Dressing for the part, the OFs merrily usher in the New Year

— By John R. Williams

On Christmas Eve, many of the Old Men of the Mountain, served on a Santa-strewn tablecloth, were dressed in red and green or wore Santa hats for the occasion.

 

On Christmas Eve, Dec. 24, the Old Men of the Mountain met at Mrs. K’s Restaurant in Middleburgh for their traditional Christmas Party. Again, the staff of the restaurant out- did themselves with the hors d’oeuvres on the tables.

There was enough there to feed all the OFs without ordering breakfast. Of course, the OFs did order their normal breakfast plus they cleaned up a lot that was placed on the table, especially the hot meatballs. The OFs would like to thank Loretta, Patty, and their team for having such a scrumptious holiday spread for the Old Men of the Mountain.

Some of the OFs came all decked out for the occasion — some in Santa hats; and others with Christmas sweaters; some wearing red and green; and there was one fellow there with a battery-operated Christmas-tree-bulb necktie, which was all lit up. 

A couple of the OFs who are musically inclined brought their instruments and the restaurant had a small area set up for them to play Christmas music.  The OFs joined in on the tunes they knew.

Of course, Gene Autry was doing a couple of flips in his grave, and maybe even holding his ears as the OFs attempted to sing “Rudolph, the Red-Nosed Reindeer.” 

This year, on the “eves,” the Old Men of the Mountain will stay in Middleburgh because, on New Year’s Eve, the OFs will be at the Middleburgh Diner. This makes two attacks (in Middleburgh) by the OFs to end the year 2013.

Can that little town take it? The town fathers might think about reactivating the Schoharie County Militia, muskets at the ready with fixed bayonets, prepared to run the OFs out of town if they even attempt to sing “Auld Lang Syne.”

Tractor origins

This scribe had to raise his eyebrows as some of the OGs’ next conversations and observations did not seem correct. However, there is always the chance the OGs might be right, so it was off to the Internet to check them out. (The Internet is always right, you know).

The flat statement made by a couple of OFs was that “no” tractors were made in this country, that “all” tractors were made elsewhere. The words “no” and “all” are what drew attention to the conversation.

In checking, this scribe found a real mixed bag, so, using John Deere as one example, it was found that Deere manufactures tractors in many countries throughout the world. 

Most of these factories make farming equipment, lawn and garden equipment, harvesting equipment, heavy constructing equipment, among a slew of other products, including toys and clothing, which are done on a leasing basis. Depending on the size of tractor the OFs want, it can come from the United States, India, or wherever. 

McCormack International, though, is quite convoluted.  Sales to companies and different conglomerate organizations are now in business from Italy.  Another company is currently buying the rights as this scribe understands the dealings. This scribe can’t follow all this high-end business intrigue, so it is suggested, if you are interested, go check it out on the net.  

Kubota Tractors were originally built, starting in 1890 in Osaka, Japan; however, in 1988, Kubota opened a huge plant in Gainesville, Georgia, where it produces the tractors for the U.S.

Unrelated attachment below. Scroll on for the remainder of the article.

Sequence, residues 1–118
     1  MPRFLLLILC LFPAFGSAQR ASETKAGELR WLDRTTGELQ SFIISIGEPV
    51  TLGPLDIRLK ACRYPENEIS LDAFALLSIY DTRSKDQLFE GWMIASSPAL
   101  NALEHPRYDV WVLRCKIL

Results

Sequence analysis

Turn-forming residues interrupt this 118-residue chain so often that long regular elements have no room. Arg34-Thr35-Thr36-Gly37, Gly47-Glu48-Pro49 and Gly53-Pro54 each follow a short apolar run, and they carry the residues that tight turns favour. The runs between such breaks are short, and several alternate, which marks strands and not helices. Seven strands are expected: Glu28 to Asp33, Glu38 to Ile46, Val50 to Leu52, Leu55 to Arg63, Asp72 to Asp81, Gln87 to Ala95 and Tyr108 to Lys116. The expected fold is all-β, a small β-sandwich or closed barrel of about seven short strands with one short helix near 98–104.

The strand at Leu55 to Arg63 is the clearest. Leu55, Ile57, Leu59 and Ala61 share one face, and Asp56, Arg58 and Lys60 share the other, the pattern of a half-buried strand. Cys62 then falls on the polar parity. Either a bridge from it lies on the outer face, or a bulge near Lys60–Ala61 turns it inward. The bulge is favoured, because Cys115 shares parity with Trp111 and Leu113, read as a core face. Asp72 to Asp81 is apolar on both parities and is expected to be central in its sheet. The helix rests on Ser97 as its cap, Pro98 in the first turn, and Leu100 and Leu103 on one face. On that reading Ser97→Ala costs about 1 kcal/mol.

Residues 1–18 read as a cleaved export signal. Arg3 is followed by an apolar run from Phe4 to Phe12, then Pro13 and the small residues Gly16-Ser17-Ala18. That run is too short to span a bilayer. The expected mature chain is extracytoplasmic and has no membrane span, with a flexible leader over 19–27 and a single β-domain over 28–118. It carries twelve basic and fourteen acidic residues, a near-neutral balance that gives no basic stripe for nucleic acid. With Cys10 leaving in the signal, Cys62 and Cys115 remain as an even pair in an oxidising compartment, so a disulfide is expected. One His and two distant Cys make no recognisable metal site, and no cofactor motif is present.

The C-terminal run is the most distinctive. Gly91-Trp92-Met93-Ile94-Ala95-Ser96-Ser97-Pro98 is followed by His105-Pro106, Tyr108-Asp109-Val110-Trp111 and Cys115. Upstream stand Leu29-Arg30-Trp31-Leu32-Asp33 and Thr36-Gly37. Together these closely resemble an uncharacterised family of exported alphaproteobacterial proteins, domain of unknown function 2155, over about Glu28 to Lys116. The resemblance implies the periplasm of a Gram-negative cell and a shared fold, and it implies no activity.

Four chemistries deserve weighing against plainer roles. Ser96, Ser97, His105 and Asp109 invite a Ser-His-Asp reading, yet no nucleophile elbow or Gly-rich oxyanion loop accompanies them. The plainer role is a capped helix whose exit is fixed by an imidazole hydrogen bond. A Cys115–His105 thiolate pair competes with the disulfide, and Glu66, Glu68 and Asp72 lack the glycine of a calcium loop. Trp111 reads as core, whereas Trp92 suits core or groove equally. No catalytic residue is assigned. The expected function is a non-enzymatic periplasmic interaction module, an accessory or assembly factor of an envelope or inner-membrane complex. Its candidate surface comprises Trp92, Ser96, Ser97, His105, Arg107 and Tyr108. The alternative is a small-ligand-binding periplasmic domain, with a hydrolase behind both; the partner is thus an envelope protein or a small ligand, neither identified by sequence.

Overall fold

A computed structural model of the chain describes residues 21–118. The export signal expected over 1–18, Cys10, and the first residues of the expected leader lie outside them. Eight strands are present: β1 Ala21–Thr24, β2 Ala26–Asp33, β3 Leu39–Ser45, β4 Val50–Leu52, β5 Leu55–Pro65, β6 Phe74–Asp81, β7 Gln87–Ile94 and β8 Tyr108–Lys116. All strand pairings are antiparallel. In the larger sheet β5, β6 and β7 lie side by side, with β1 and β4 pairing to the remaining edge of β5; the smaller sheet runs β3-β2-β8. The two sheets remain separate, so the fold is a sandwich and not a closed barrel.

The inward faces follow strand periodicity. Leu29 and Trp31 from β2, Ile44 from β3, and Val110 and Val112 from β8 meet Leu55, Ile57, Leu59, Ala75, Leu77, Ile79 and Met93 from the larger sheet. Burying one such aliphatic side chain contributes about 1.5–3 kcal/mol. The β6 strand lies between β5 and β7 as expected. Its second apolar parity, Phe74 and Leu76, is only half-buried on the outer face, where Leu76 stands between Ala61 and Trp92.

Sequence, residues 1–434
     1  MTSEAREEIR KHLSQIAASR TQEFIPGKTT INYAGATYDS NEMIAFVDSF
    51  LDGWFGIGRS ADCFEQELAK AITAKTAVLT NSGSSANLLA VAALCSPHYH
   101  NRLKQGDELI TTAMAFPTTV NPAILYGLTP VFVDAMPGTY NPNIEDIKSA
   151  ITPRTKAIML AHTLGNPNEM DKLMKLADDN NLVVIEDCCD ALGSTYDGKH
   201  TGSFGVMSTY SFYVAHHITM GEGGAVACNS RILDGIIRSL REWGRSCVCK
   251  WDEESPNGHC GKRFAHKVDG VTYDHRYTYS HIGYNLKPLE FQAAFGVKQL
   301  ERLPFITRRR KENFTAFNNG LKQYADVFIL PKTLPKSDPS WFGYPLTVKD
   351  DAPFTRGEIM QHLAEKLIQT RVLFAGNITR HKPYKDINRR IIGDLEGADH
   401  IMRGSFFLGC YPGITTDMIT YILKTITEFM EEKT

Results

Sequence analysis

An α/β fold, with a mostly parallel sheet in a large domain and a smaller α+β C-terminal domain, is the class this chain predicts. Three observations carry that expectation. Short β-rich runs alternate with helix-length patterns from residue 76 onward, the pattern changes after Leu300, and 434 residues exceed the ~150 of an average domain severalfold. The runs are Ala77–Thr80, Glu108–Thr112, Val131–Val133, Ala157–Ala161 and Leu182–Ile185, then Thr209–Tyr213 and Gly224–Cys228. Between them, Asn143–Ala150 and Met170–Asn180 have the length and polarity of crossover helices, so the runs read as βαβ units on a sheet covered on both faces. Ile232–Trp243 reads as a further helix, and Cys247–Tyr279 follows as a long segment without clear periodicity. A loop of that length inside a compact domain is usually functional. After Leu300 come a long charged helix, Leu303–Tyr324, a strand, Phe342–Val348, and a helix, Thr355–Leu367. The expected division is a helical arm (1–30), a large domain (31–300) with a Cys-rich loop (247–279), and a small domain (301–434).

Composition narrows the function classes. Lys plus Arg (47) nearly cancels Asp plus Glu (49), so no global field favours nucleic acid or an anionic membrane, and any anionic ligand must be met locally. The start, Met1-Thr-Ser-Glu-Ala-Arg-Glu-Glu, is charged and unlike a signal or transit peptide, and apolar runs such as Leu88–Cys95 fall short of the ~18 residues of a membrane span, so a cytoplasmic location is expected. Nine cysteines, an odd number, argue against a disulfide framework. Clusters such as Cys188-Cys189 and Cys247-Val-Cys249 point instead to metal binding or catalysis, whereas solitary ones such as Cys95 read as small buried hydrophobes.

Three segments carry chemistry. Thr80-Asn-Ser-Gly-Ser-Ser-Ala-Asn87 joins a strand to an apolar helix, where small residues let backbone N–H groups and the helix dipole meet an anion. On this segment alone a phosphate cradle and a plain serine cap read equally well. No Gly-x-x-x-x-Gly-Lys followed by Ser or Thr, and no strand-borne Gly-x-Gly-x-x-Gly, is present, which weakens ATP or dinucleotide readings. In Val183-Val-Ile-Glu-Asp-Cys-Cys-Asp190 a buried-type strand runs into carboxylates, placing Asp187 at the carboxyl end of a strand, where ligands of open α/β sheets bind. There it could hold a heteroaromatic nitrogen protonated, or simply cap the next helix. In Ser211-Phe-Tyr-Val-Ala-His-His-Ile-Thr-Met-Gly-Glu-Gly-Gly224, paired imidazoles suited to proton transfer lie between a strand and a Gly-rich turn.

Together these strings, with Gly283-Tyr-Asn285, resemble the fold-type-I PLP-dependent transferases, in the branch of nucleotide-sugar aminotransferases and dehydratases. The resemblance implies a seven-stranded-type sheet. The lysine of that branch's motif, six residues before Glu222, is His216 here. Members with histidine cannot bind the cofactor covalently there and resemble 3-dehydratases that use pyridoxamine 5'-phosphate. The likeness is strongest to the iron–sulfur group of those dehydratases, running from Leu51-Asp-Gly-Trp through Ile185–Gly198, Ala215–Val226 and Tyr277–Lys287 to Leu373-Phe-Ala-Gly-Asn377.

So, in two of the examples, John Deere started here and built plants all over; Kubota started there, and built plants all over. The answer is: “Yes,” many tractors are still built in the U.S. and are competitive.  Smart moves by both companies.

Why leave NY?

Now that New York is the fourth most populous state, behind Florida, the OFs jumped on the bandwagon, asking why people are leaving New York.

It came down to two explanations with two side bets thrown in: One, taxes (politics); two, weather.

The two side bets were, cost of maintaining a building, and the cost of doing business.

The OFs said even farming, which was shielded from much of this, is beginning to feel the pinch of being over-regulated by a select group of do-gooders in New York City making rules and regulations for farmers, and this group doesn’t know the difference between a rabbit and a cow.

One OF threw in the ringer of New York being known as the welfare state.  The reason this state’s population is where it is, is because other states ship the ne’er-do-wells to New York where the state will take care of them.

“Then,” an OF added, “we have a juxtaposition here, this OF thinks the state of New York has one of the highest educated populations in the country and that is why we have as many people here as we do.”

This OF said, “Companies are after the brains of New York.”

And so it goes. ’Tain’t this fun?  It is.

The OFs get their points across either way; no one changes anyone else’s mind because that is what we are — OFs!  Our minds were made up years ago, so the OFs laugh or grunt and go on to something different.  

Those OFs who gathered at Mrs. K’s Restaurant in Middleburgh and absorbed what holiday spirit they could were: Elf one Harold Guest, Elf two Mark Traver, Elf three Glenn Patterson, Elf four Roger Shafer, Elf five George Washburn, Elf six Roger Chapman, Elf seven John Rossmann, Elf eight Jim Heiser, Elf nine Otis Lawyer, Elf ten Steve Kelly, Elf eleven Robie Osterman, Elf twelve Mace Porter, Elf thirteen Gary Porter, Elf fourteen Ken  Hughes, Elf fifteen Jack Norray, Elf sixteen Lou Schenck, Elf seventeen Don Wood, Elf eighteen Ted Willsey, Elf nineteen Jim Rissacher, Elf twenty Bill Krause, Elf twenty-one Mike Willsey, Elf twenty-two Elwood Vanderbilt, Elf twenty-three Gilbert Zabel, Elf twenty-four Harold Grippen, Elf twenty-five Gerry Chartier, Elf twenty-six Todd Wright, and Elf twenty-seven, the littlest Elf, me.